Mobilizing for a Strengthened United Nations

Fergus Watt
Executive Director of WFM – Canada and Chairperson of the WFM-IGP Executive Committee. He is also a member of the UN2020 Initiative’s Coordination Group

It has become commonplace in politics these days to bemoan the impacts of rising nationalism and autocracy, particularly among some of the world’s largest and most powerful states. Internationalism, the rule of law and the purposes and principles of the UN Charter have (to say the least) seen better days.

Some governments that have led at the United Nations are no longer doing so. Its most powerful Member State and largest donor, the United States, has withdrawn funding from UN budgets, (including the peacekeeping budget, the UN Fund for Population Activities and the UN Relief and Works Agency), withdrawn from important UN bodies (notably UNESCO and the Human Rights Council), as well as multilateral processes (on climate change and migration, among others). The Security Council too often remains paralyzed with both Russia and the United States casting vetoes to protect their client states. Moreover, Russia and some of its allies run roughshod over major international legal prohibitions on intervention (Crimea) and use of chemical and other weapons of mass destruction. And the current political climate allows China to expand its influence abroad and to restrict even further civic space, including freedoms of association and expression.

And when major powers that have important responsibilities under the Charter shirk their obligations others are tempted to follow suit. However there is a resilience to the multilateral system, fortified by a widely understood recognition that in the 21st century, the machinery of international cooperation is needed more than ever.

At a time when large powers are doublingdown on militarism, nuclear weapons and trade protectionism, there are significant numbers of small and medium states that need the kind of rules-based order that depends on a flourishing and proper-functioning UN system. Some promising developments include:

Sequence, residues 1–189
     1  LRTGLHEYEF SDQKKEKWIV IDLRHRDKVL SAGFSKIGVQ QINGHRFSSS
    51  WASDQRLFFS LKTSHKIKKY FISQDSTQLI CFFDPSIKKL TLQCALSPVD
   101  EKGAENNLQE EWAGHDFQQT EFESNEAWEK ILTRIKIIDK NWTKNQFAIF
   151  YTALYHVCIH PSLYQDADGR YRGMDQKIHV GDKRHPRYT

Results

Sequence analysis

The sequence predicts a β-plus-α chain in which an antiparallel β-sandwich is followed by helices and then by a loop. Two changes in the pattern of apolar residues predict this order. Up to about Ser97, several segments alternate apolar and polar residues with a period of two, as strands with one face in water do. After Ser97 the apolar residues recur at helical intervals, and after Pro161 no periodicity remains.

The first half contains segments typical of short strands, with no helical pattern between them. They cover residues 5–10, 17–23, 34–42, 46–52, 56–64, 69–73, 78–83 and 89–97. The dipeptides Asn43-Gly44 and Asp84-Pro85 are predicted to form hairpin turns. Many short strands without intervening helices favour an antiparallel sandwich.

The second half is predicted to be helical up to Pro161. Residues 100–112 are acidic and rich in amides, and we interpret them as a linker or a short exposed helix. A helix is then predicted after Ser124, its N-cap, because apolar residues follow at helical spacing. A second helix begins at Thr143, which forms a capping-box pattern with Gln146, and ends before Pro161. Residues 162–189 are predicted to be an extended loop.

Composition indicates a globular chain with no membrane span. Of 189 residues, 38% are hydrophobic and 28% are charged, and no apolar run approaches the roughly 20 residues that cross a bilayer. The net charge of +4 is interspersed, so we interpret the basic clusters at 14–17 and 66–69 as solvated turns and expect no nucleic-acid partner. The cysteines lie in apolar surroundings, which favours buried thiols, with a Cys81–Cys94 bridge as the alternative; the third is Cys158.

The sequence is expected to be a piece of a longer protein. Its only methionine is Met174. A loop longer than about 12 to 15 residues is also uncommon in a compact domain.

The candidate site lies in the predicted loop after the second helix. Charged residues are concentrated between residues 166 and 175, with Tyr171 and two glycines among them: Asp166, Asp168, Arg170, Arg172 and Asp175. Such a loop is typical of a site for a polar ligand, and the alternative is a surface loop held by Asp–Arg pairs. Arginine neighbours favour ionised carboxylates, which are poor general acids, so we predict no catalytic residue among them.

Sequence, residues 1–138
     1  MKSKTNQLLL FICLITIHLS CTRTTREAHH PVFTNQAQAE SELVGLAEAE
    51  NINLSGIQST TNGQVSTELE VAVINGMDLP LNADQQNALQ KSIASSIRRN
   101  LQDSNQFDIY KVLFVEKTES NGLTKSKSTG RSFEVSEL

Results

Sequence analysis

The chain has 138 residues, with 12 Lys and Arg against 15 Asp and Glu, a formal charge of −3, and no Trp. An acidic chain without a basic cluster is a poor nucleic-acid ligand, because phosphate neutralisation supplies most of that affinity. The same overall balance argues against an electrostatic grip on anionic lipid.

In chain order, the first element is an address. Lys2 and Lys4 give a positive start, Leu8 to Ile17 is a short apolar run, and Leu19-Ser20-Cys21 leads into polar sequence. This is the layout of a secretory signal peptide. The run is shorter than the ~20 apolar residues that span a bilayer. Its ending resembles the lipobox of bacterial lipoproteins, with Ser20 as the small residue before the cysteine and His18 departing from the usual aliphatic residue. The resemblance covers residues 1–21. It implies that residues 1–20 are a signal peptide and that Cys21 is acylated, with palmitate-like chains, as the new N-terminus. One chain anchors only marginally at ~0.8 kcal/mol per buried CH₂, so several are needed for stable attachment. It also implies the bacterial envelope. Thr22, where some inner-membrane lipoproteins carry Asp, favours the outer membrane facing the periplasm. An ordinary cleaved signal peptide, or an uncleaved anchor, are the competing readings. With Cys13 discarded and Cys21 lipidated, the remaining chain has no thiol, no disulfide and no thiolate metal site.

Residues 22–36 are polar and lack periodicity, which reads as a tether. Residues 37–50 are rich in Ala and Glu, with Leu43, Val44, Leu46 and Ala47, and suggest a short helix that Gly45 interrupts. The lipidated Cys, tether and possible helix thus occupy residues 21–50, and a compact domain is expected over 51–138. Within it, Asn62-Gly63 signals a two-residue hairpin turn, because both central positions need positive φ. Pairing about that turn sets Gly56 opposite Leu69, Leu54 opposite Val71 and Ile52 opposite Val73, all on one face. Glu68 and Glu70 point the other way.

• The determination of Secretary-General Guterres who is doggedly pursuing useful reforms to the UN Management structures, improvements in the coherence of the UN Development System and a reorganization of the UN Secretariat’s peacebuilding architecture.
  • Outgoing General Assembly President Miroslav Lajcˇák of Slovakia responded to the current crisis in multilateralism by convening an unprecedented series of off-the-record breakfast meetings for UN ambassadors. Mr. Lajcák successor, Ecuadorean Foreign Minister María Fernanda Espinosa Garcés, will also be someone to watch. Her acceptance speech as incoming General Assembly President last June identified UN strengthening and reform among her promised priorities.
  • And importantly, a significant number of governments have called for utilizing the upcoming 75th anniversary of the United Nations in 2020 as an opportunity to further strengthen the Organization.

This latter development responds to some quiet but persistent campaigning by civil society organizations over the past 18 months, calling for an adequately prepared 75th anniversary commemoration for the United Nations in 2020, one that includes a meaningful process of stocktaking, review and strengthening for the organization. The UN2020 Project is initiated by a coordinating group of civil society organizations including CIVICUS, The Stimson Center, The Workable World Trust and World Federalist Movement – Institute for Global Policy.

UN2020 campaigners had hoped that language mandating a formal intergovernmental process for a 2020 Summit could be agreed in a General Assembly resolution last September. However, opposition from some members of the Non-Aligned Movement (notably Cuba, Egypt and Algeria) prevented the Assembly from reaching consensus.

Nevertheless, the idea of a 2020 Summit is now widely known and has considerable traction at the UN, with expressed support this year from a cross-regional group of states including Brazil, Canada (also on behalf of Australia and New Zealand), Estonia on behalf of the ACT (Accountability, Coherence, Transparency) group of states, Nigeria, Norway, Uruguay and the European Union (in a statement also endorsed by 8 or 9 East European states, and EU candidate countries Turkey, Macedonia, Montenegro, Serbia, Albania, as well as potential candidate countries Bosnia and Herzegovina, Ukraine, Moldova and Georgia).

Civil society organizations have recognized the need to capitalize on the opportunity for a 2020 Summit. At the August 2018 67th UN Department of Public Information / NGO (UN DPI/NGO) Conference, over a thousand NGOs called upon Member States to “Advance people-centered multilateralism by developing proposals to revitalize the United Nations on the occasion of its 75th Anniversary in 2020.”

The idea of a “people-centered UN” has become an important framework for the transformation of international politics, and one of the key organizing principles for UN2020 campaigners.

In the face of very real threats to international diplomacy, governments at the UN cannot simply do nothing and “weather the storm.” The idea of a 2020 anniversary summit offers a political space where those committed to multilateralism can push back, through a mandated review and re-commitment to the principles and purposes of the Charter, and (hopefully) reforms that strengthen the organization.

Civil society organizations, particularly WFMIGP are working to build support for such a dedicated preparatory process for 2020, in order that this anniversary moment can be utilized to strengthen the international legal and institutional order, rather than lamenting its continued decline.

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